That’s not to say, however, that in time, it wouldn’t be sensible to have regular large gatherings. I think they’re vital to getting a sense of the ‘bigger picture’ of our faith community. I just think they happen a bit too often!
What we would gain is worth that loss. We would gain a sense of localism. Need something? Your neighbour might have it. Need help with something? Your neighbour can probably help. Feeling generous? What do your neighbours need?
These questions are harder when we are not geographically close by. I have had a really hard time lately with depression – yet those who I would speak to about it the most live far away (and by far away, I mean 25 minutes drive, which isn’t a lot, but it’s a lot when you’re feeling crap) which means I’m not inclined to do anything about my situation. If I had close relationships fostered with those who are nearby to me, that would be very different.
Our relationships with those we serve would be radically transformed for the better
The localism doesn’t stop there. The people around us who are homeless/depressed/struggling with addiction/in need of tuition/poor/whatever-it-is-you-care-about-or-is-a-problem-around-you are around us. This means:
- We will struggle to ignore them (good!)
- We can find more time to help them (great!)
- They’ll see us leading our normal lives, away from the pretense of service-provision (ouch)
Number (3) is the most daunting, and yet the most freeing. We have to learn to be ourselves, to be vulnerable, to treat others as friends not as someone on the receiving end of our services such as free food. Much better to have them round for dinner and get to know them as a human being, I think.
To me, that’s the beginning of starting to really look like how the Kingdom of Heaven should look like. Making things more organic, more interpersonal, more interdependent. Instead of perpetuating the system (I am in need of X, someone can provide X so I will use that service becomes I am in need of X and my friend can help me – much healthier).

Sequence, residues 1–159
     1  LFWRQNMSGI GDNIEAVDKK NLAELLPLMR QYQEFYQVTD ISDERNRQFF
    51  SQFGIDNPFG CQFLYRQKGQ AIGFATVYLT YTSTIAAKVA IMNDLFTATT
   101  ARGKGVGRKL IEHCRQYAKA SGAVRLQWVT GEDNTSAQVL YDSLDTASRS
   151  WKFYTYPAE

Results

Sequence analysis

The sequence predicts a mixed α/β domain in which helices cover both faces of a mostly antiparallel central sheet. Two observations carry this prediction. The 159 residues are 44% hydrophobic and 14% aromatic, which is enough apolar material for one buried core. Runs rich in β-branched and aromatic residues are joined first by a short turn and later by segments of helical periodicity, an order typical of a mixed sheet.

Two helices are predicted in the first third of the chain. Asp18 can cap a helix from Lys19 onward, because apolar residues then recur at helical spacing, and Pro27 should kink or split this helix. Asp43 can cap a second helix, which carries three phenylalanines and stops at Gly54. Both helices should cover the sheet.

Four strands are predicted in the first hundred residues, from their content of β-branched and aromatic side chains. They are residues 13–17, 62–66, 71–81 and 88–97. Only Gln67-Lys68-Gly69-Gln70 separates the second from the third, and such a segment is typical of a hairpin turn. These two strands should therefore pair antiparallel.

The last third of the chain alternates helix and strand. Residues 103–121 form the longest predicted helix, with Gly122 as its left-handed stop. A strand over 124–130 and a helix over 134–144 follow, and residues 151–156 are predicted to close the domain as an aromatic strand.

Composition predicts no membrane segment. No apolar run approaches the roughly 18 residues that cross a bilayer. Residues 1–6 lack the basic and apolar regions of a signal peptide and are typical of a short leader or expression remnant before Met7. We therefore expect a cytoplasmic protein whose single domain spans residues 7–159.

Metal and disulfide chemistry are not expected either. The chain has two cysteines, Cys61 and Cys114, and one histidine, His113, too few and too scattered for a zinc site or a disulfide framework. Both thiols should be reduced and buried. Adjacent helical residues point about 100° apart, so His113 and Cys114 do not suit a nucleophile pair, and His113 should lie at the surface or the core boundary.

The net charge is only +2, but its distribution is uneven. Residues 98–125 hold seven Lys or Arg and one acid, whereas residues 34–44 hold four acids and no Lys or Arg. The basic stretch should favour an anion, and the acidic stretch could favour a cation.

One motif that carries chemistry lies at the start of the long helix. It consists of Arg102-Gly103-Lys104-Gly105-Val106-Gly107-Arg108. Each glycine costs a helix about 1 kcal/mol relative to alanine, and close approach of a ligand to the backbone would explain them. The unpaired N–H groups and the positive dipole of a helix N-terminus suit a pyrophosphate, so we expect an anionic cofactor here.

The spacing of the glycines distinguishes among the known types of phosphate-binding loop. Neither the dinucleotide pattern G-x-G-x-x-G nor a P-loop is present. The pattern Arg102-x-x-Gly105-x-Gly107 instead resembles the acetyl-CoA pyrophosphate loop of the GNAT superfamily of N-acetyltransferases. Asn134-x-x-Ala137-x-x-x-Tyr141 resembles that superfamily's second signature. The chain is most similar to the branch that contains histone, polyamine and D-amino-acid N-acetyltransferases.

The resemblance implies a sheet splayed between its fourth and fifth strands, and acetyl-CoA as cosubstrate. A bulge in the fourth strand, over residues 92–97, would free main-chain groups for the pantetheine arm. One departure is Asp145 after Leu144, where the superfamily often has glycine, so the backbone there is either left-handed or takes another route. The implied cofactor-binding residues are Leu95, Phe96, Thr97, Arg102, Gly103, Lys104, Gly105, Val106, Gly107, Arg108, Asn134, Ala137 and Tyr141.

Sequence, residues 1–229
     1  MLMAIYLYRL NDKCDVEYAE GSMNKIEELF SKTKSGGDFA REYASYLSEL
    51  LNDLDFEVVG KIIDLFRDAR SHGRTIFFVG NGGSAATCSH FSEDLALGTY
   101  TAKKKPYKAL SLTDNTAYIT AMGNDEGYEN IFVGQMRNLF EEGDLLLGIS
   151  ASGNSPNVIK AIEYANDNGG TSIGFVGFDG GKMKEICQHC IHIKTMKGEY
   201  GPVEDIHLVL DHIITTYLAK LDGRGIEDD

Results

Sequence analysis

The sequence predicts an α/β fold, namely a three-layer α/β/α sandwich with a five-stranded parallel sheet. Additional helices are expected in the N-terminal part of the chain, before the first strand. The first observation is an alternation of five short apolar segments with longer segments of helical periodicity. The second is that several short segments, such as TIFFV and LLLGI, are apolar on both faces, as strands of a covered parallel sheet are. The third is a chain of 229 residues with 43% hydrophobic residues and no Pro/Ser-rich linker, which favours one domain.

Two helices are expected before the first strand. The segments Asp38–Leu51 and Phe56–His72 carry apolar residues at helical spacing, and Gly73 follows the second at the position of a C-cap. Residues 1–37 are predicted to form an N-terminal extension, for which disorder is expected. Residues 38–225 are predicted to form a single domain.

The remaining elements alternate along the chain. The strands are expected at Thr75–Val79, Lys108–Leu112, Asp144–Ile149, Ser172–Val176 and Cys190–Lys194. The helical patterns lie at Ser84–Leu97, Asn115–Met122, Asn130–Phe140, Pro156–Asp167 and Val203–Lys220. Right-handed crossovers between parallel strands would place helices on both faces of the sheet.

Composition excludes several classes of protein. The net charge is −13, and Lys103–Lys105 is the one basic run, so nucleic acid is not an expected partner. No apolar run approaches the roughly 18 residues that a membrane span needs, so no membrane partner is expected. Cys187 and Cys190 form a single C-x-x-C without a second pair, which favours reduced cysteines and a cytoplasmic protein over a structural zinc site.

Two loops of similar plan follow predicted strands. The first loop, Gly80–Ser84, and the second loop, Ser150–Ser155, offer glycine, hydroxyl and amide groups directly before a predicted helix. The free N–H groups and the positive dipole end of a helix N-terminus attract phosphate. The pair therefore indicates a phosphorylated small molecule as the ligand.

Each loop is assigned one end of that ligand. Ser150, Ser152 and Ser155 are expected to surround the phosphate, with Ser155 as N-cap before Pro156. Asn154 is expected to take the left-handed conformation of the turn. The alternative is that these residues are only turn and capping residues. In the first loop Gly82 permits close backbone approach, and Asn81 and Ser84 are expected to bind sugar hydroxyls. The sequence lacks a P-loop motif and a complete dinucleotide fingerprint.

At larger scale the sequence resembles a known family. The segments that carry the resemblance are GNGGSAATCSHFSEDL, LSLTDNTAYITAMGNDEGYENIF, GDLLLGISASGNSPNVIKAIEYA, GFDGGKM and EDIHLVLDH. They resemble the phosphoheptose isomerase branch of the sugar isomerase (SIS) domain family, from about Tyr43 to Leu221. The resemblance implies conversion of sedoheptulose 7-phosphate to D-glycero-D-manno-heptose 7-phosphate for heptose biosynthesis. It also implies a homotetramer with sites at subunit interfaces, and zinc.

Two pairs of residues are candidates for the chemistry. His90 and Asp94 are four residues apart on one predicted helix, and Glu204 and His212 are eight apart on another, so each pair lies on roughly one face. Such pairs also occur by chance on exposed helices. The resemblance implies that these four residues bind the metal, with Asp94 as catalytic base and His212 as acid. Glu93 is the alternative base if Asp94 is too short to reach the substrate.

We would be able to support one another in mission, rather than watching one another burn out
One of the most striking things I have learned in my four(!) years in Southmead is that people burn out. People feel alone, isolated and emotionally exhausted from trying to be missional.
So we have to stop being missonal. (In the sense of deliberate, pointed, mission).
That doesn’t mean we need to stop sharing God’s love, or sharing the good news of God’s love. It means we have to stop trying so damn hard. It means that instead, we should focus our energy on living normal life and letting that life be attractive. We’ll see those whom we are serving at the doctors, at the gym, at the supermarket, around and about.
It also means that in our small-group-churches we can sustain and support one another. No task will be huge because the area of focus will be so small. No more huge events which require volunteers to burn themselves out over a bank holiday weekend. No more isolated families expected to do all the mission work of a congregation – however implicitly – and then find themselves questioning their own faith. No more burnouts. Beautiful.
We would look a lot more attractive
We’d also be a lot more normal. Instead of some pageantry and procession on a large scale, or emulating the latest rock concert vibes (have you seen just how hipster church posters have gotten now? ugh), we can just live life in a way which is attractive.
It’s a lot harder to have orthopraxy, but it’s worth it. It’s genuine. It’s meaningful. And it’s where we’ll actually see change happen. Our best bet? going local.
Of course, this is all a dream scenario. But if you aim for the sky you might at least hit the top of the tree, right?